Music Oligopoly Kills Turntable.fm, Turntable Live is Born
Long story short, Turntable.fm inked a deal in 2012 with the major labels that was also their death sentence. At the time, the service was surfing the murky seas of the DMCA safe harbor clause, the doctrine that essentially allows digital services that facilitate copyright infringement stay online, as long as they aren’t party to the infringement, have substantial non-infringing uses, and respond to DMCA takedown notices. Many thought the RIAA would sue Turntable.fm out of existence as it did many companies before it, but the March 2012 deal saw Turntable.fm agree to the licensing terms of the major labels.
Unfortunately, Turntable.fm could not scale their user base to the millions of fans the major label licenses require. The enormously expensive, major label-negotiated licensing fees for digital music are the reason why Spotify isn’t profitable despite having a rapidly growing user base in the tens of millions (and some think it never will be, due to major label greed.)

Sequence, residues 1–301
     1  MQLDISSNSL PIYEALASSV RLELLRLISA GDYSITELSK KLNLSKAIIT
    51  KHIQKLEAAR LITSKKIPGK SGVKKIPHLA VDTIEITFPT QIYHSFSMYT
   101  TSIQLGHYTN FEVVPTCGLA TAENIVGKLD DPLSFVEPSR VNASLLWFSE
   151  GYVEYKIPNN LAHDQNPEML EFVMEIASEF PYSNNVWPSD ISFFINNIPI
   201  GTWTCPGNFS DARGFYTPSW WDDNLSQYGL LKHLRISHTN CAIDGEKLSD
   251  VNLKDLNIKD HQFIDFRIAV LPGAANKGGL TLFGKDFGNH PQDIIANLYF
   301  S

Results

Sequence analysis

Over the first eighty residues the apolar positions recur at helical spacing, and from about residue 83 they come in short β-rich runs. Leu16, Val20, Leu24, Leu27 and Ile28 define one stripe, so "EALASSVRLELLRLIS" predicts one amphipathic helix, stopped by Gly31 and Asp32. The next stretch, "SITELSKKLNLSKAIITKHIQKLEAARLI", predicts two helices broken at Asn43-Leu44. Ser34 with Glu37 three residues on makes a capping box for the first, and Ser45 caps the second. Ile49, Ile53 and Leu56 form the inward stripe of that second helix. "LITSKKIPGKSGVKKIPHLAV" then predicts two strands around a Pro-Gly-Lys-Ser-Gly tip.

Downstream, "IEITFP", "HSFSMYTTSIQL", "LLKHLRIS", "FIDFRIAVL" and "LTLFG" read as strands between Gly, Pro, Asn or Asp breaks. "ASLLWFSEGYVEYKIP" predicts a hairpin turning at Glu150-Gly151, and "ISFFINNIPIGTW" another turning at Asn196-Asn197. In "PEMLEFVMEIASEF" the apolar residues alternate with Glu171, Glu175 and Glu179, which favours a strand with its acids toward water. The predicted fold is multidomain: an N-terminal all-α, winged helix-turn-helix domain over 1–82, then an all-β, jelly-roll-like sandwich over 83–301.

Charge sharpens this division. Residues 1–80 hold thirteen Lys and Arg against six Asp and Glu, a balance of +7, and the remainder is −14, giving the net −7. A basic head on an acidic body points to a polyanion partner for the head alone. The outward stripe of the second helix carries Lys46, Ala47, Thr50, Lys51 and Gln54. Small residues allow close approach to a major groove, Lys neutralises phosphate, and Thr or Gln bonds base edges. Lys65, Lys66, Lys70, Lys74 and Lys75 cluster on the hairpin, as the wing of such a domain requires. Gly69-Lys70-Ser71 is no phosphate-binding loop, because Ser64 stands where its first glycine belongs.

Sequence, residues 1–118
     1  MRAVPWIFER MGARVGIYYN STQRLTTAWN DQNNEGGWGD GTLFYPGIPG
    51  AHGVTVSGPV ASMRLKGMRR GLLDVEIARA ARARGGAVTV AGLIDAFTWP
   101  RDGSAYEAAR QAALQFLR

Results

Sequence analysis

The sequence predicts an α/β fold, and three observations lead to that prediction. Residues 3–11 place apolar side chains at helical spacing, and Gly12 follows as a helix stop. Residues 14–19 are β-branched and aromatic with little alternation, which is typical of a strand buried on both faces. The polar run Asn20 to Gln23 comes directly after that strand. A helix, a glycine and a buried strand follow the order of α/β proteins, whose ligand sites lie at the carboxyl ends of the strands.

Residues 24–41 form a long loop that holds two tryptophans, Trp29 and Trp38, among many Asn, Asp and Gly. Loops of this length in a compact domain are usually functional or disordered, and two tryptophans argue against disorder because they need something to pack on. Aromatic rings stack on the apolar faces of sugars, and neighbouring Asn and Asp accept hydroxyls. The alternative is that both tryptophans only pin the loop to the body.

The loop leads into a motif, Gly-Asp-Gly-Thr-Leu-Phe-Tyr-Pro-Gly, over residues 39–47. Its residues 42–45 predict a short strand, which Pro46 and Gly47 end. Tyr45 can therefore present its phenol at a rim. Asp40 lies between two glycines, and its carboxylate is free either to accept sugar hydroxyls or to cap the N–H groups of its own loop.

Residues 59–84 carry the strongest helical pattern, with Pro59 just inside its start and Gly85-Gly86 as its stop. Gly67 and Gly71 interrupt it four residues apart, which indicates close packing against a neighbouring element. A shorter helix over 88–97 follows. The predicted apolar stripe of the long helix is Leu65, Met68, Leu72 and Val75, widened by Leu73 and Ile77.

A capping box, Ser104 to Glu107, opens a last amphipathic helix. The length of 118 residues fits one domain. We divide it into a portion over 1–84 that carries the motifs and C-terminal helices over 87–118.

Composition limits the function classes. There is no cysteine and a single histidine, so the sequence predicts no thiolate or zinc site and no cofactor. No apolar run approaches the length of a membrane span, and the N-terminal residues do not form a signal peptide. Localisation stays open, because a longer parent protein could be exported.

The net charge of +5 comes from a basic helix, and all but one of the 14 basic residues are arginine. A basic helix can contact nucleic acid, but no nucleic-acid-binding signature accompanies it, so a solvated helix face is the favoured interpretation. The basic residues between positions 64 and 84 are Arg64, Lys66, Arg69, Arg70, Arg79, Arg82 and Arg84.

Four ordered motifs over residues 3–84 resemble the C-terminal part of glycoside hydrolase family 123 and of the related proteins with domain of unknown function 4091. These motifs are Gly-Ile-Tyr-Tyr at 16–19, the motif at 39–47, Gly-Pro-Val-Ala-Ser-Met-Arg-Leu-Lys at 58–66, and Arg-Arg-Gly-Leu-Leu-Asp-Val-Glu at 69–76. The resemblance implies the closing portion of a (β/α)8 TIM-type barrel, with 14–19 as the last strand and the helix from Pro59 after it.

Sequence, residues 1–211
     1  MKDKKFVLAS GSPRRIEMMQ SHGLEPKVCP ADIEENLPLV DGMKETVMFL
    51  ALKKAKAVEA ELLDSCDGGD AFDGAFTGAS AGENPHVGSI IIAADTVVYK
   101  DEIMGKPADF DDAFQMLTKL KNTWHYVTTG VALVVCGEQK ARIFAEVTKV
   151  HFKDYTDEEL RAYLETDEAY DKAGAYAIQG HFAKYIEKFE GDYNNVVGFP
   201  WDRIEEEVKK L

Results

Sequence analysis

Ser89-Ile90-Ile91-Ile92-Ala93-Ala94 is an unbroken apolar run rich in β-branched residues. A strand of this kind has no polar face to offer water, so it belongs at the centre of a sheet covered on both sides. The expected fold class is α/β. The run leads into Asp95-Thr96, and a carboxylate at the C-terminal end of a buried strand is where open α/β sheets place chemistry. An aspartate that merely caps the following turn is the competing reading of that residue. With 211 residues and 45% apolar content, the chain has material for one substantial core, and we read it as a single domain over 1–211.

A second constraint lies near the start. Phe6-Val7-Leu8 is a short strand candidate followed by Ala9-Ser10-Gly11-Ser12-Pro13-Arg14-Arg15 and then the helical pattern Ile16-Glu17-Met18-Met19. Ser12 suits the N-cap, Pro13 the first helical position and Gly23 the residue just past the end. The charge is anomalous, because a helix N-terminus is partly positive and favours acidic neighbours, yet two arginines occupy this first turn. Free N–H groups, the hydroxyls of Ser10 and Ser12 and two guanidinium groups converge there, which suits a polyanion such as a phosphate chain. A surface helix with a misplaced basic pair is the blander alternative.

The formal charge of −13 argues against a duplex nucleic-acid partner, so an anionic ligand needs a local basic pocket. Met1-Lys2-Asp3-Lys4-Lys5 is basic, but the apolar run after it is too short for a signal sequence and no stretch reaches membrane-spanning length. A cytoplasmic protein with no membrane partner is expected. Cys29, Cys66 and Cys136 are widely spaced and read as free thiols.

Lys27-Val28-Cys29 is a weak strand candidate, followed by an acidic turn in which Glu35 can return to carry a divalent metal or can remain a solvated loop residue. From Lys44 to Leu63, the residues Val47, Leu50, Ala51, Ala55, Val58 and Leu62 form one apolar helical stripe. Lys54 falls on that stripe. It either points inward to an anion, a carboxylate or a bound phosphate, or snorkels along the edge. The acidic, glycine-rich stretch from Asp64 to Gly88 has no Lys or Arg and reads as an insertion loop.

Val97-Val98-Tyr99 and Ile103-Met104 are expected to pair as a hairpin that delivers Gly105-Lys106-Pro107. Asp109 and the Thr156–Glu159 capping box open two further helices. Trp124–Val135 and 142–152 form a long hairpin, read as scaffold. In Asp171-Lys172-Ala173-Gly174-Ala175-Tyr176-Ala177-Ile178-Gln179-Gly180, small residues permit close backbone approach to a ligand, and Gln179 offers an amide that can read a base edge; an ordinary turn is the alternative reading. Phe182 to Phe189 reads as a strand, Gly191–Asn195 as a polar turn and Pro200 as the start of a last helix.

As the latest casualty of the majority stakeholders of the music industry, Turntable.fm had no choice but to pivot to a different service. While we will dearly miss Turntable.fm, we are encouraged by their new Turntable Live platform.
Turntable Live competes directly with Soundhalo and Stageit in the virtual live performance space. At first glance, we see great potential in Turntable Live, with what look to be some nice features to boost fan interaction during the live stream. We’ll update you with a full review soon.
For now, we mourn the passing of another great music service killed by the global music oligopoly.